God s Clock By James Carroll ONCE A WEEK or so, I come downstairs in the morning to find that the three weights of the grandfather clock in the living room
Message 1 of 1
, Jan 1, 2005
By James Carroll
ONCE A WEEK or so, I come downstairs in
the morning to find that the three weights of the grandfather clock in the
living room have fallen to the bottom of the oaken cabinet. To keep the
clock going, they must be lifted on their chains. I dutifully open the
glass-fronted door and grasp each brass cylinder, pulling down on the chain
as I bring the weight up -- first one, then another, then the other. I close
the door carefully, waiting for its fitted snap.
Once again, the
weights will do their work to keep the pendulum swinging, the chimes
sounding every 15 minutes and the gong striking on the hour. In this way, in
concert with the force of gravity, I assure that time does not stop in our
I must occasionally remind myself that in fact, nothing important
depends on this clock's ticking. When, through my neglect, the weights
descend to the cabinet floor, the chains become twisted and askew, the
pendulum drifts to a halt, and the chimes fall silent. A precious harmony is
broken, but the earth stops neither its rotation nor its course around the
sun. Time does not stop. Birds chirp in the morning and darkness later
descends no matter what happens in the living room.
The clock is a
sacrament of the passage of time, a way to note the movement of one day into
the next, a method of location in the otherwise uncharted ocean whose two
horizons are the past and the future. Mariners are fond of saying,
especially when the ship unexpectedly runs aground, that the chart is not
the sea; similarly, the clock is not time.
I propose this image for our
new and urgent discussions about religion. In America, a religious divide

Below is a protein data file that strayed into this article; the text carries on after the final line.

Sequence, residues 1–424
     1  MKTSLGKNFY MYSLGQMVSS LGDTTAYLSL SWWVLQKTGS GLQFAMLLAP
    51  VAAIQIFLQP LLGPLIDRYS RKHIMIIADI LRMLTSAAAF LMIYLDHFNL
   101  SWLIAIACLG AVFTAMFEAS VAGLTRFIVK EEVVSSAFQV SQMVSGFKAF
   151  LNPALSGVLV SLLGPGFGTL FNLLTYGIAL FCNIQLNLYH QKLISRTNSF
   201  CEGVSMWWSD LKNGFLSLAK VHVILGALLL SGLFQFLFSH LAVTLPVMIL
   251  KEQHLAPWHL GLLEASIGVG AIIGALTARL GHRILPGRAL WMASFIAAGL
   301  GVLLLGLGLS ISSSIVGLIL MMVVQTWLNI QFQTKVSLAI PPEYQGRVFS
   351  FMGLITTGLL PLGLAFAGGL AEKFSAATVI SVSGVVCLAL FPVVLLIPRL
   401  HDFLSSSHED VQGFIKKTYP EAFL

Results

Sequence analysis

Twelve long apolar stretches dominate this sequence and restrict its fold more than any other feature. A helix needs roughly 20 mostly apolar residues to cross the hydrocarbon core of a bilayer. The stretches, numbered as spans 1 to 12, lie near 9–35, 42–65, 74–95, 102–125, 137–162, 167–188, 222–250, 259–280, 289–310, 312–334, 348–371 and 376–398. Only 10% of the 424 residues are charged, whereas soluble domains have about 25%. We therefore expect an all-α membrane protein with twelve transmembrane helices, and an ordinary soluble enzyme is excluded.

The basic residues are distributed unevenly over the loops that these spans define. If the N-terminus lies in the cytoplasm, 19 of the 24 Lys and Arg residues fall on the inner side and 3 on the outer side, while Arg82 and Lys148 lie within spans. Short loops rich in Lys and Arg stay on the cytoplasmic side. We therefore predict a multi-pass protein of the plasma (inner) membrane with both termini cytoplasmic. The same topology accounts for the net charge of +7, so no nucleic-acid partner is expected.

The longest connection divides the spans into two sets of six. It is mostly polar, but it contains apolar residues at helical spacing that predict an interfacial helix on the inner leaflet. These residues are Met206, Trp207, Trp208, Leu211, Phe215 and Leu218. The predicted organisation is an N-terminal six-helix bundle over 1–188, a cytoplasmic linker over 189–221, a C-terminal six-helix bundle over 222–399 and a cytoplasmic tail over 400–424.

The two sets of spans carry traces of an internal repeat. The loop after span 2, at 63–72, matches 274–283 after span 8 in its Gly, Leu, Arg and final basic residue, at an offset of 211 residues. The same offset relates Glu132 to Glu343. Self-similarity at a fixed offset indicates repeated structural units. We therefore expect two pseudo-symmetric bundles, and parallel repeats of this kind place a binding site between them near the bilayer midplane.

has suddenly emerged as politically decisive, and in the world, religion is
a runaway engine of violence. A fanatic fringe of Islam asserts its doctrine
by joining suicide to murder in Allah's name. In Gaza and the West Bank,
some hypernationalist religious Jews stake claims to land with God as
guarantor -- disastrous consequences to Palestinians and Israel both be
damned. Similarly, America's war in Iraq has evolved into a two-sided holy
war, even if only one side explicitly defines it as such.
mainstream churches waste themselves in conflicts over sexual identity, the
new meanings of marriage, and mysteries of the medical frontier -- arguments
in which "God's will" is invoked as if sacred texts elucidated the biology
of genetics, postsexual reproduction, open-ended lifespan. The "religious
right" fervently seeks to impose its definitions of the social good on the
devout and the indifferent alike. "Bright" nonbelievers, in turn, match the
absolutism of the zealots of faith with absolute rejection.
ferocity of human arguments over God, whether in affirmation or denial,
reflects a terrible forgetfulness. Religion is to God what the clock is to
time. Religion participates in the mystery of what it represents but does
not embody that mystery. Not even Christianity, with its self-understanding
as a religion of the incarnate Word, does more than enshrine that Word in
symbol and sacrament. Indeed, "Word" is the clue, since all religion,
however infinite the object of its worship, remains bound by the finitude of
language -- and language always falls short of its purpose. That truth
applies to religion and science both. Words are to what they aim to express
as the clock is to time. That is why silence, too, is a mode of worship. And
it is why, also, the language of science always leaves room for what is not
When I come down in the morning and see the weights of the
clock near the bottom of the case again, my heart sinks at the evidence of
the passage of time. But the clock is not the motor of such transience.
Arguing over religion is like arguing over a clock, which is precisely what
happens, for example, when Darwinists and creationists clash. Their great
fight is less over the deep mystery of being than over which timeframe to
use in measuring it.
We humans naturally reach toward transcendence,
seeking symbols with which to make it present. Religion and science are ways
of doing this. So are poetry and music. So, for that matter, is clockmaking.
Yet transcendence, by definition, transcends. We should be modest,
therefore, in the claims we make on the absolute. And equally modest in the
claims we make on one another in its name.
James Carroll's column
appears regularly in the Globe.
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